Imperial Presidency

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This article is about the concept of imperial presidency in American politics. For its use in the analysis of South Korean politics under Park Chung-hee, see Yushin Constitution.

Imperial Presidency is a term, used to describe the modern presidency of the United States, which became popular in the 1960s and served as the title of a 1973 volume by historian Arthur M. Schlesinger, Jr., who wrote The Imperial Presidency out of two concerns: that the US presidency was out of control and that it had exceeded the constitutional limits.[1]

It was based on a number of observations. In the 1930s, the president had few staff, most of them based in the US Capitol, where the President has always had an office. The Oval Office is still used when the president is in the country and not traveling, but it is most often used for ceremonial occasions, but in the 19th and early 20th centuries, presidents were more regularly based there with a small staff. However, Franklin D. Roosevelt's leadership during the Great Depression and World War II changed the presidency. His leadership in the new age of electronic media, the growth of executive agencies under the New Deal, his Brain Trust advisors, and the creation of the Executive Office of the President in 1939 led to a transformation of the presidency.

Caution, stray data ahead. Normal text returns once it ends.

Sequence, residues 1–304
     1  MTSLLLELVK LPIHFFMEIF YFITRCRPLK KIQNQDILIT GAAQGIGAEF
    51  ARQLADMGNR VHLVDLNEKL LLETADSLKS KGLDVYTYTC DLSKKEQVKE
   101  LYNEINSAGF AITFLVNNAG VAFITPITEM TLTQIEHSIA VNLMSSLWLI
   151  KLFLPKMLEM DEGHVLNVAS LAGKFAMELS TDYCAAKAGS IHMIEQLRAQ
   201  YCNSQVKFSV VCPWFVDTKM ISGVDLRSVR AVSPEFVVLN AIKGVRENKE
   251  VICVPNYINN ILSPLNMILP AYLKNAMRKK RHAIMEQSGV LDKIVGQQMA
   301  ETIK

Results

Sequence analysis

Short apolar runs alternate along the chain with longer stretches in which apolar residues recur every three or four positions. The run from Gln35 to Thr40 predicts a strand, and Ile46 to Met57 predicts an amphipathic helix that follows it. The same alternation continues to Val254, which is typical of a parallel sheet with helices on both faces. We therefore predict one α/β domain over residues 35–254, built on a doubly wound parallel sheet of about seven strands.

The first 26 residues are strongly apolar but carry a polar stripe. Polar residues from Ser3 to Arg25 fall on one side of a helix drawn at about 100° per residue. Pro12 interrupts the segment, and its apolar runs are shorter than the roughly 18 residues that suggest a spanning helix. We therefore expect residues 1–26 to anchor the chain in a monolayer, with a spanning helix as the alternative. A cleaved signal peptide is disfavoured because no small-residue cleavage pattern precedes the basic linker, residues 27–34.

The president has a large executive staff most often crowded in the West Wing, the basement of the White House, or in the Eisenhower Executive Office Building, which is beside the White House and used by the Departments of Defense and State. Progressive overcrowding in the West Wing led President Richard Nixon to convert the former presidential swimming pool into a press room.

Arguments for its existence[edit]

  • As staff numbers increased, many people were appointed who held personal loyalty to the person holding the office of president and were not subject to outside approval or control.
  • A range of new advisory bodies developed around the presidency, many of which complemented (critics suggest rivaled) the main cabinet departments, with the cabinet declining in influence. The National Security Council and the Office of Management and Budget are prime examples.
  • The Senate does not "advise and consent to" appointments to the Executive Office of the President (with only a handful of exceptions), as it does with cabinet appointments. A corollary is that EOP personnel may act independently of, without regard for, and without accountability to Congress.
  • The presidency relies on powers that exceed the Constitution. The extent of foreign policy and war powers of the presidency are questioned. Also, the extent of presidential secrecy is questioned. See The Imperial Presidency (book).
  • The plebiscitary Presidency is a Presidency that is accountable only during elections or impeachment, rather than daily to the Congress, the press and the public. That has been considered evidence of an Imperial Presidency.